Farzana Iqbal, 25, was fatally attacked on Tuesday because she had married the man she loved.
Mr Sharif had taken notice of the "brutal killing" in the presence of police, his press office said in a statement, adding that a "totally unacceptable" crime had to be dealt with promptly by law. "I am directing the chief minister to take immediate action and a report must be submitted by this evening to my office," it said, quoting Mr Sharif.
Mrs Iqbal's husband said police did nothing during the 15 minutes of violence outside Lahore High Court.
"I begged them to help us but they said 'This is not our duty'," said Muhammed Iqbal. "I took off my shirt [to be humble] and begged them to save her."
In parts of Pakistan, a largely Muslim nation of 180 million people, women are expected to agree to arranged marriages and refusal can mean an "honour killing".
Many Pakistani families think it dishonourable for a woman to fall in love and choose her own husband.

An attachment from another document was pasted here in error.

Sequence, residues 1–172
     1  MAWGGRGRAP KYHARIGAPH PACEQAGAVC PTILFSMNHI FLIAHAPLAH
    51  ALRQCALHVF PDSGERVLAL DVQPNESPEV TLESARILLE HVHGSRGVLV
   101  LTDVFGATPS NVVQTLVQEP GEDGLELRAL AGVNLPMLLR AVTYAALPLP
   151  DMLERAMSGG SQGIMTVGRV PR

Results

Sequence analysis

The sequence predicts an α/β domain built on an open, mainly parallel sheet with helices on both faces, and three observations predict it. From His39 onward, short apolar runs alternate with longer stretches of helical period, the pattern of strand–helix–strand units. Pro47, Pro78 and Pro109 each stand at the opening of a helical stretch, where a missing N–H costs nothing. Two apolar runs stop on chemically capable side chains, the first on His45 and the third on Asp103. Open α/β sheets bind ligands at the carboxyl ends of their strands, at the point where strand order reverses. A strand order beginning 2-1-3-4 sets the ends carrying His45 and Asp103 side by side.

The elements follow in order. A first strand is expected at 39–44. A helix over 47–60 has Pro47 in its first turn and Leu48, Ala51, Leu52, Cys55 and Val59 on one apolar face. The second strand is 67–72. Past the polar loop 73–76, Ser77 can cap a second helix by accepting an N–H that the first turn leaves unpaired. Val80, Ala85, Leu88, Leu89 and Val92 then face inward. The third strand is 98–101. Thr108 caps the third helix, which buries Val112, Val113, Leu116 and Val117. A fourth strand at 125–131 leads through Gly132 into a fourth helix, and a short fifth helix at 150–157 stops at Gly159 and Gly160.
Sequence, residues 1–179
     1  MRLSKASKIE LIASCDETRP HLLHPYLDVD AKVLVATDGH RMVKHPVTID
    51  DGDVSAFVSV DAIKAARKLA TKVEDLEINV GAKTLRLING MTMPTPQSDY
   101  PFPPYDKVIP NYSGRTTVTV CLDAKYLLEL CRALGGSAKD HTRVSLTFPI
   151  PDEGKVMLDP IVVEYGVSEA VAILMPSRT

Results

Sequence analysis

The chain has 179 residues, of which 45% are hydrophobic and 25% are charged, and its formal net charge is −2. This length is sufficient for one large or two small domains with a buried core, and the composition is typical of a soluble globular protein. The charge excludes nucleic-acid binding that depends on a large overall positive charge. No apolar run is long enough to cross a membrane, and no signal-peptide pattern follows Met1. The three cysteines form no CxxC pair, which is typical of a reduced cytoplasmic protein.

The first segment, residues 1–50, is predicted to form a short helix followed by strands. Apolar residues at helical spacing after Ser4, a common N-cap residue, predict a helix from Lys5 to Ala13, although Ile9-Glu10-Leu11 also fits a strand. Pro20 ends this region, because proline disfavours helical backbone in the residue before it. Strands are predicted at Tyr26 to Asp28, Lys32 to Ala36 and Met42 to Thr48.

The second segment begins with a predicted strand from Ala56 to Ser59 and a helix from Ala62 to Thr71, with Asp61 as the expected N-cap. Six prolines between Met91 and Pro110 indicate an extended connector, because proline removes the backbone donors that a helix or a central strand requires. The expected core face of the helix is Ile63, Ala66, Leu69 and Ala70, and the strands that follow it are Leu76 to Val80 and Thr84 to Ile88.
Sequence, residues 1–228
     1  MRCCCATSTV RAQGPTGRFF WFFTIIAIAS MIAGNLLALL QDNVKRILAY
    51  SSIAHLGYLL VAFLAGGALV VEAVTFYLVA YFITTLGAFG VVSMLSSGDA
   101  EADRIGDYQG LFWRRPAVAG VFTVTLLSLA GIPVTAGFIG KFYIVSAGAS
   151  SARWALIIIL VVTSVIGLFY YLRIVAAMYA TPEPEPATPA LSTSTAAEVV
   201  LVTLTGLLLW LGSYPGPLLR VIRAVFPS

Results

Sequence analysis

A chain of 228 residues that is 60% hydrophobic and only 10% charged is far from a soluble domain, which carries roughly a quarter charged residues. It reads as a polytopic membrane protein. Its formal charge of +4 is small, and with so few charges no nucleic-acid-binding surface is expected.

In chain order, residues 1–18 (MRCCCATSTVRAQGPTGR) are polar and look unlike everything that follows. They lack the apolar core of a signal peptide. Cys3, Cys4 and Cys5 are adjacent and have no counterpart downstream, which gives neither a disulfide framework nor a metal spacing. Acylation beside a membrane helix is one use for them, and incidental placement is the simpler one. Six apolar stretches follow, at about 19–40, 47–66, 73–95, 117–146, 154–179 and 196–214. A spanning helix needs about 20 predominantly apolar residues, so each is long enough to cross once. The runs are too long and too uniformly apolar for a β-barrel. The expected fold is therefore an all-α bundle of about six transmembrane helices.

Lahore police chief Shafiq Ahmad insisted no police had been present during the killing. "They arrested the father, the main accused, a few moments after the incident," he said. "By the time police reached the scene, the lady had been murdered."
Police initially said Mrs Iqbal had been stoned, but her husband said relatives had swung bricks, not thrown them.
All of the suspects except the father have disappeared.
The 25-year-old had offended her family by marrying Mr Iqbal instead of a cousin selected for her.
Honour killings are common in Pakistan, but the brutality of this case caused outrage around the world.
In Pakistan the reaction was more muted - in stark contrast to the public grief and outrage caused by the gang rape and murder of a 23-year-old woman in neighbouring India in 2012.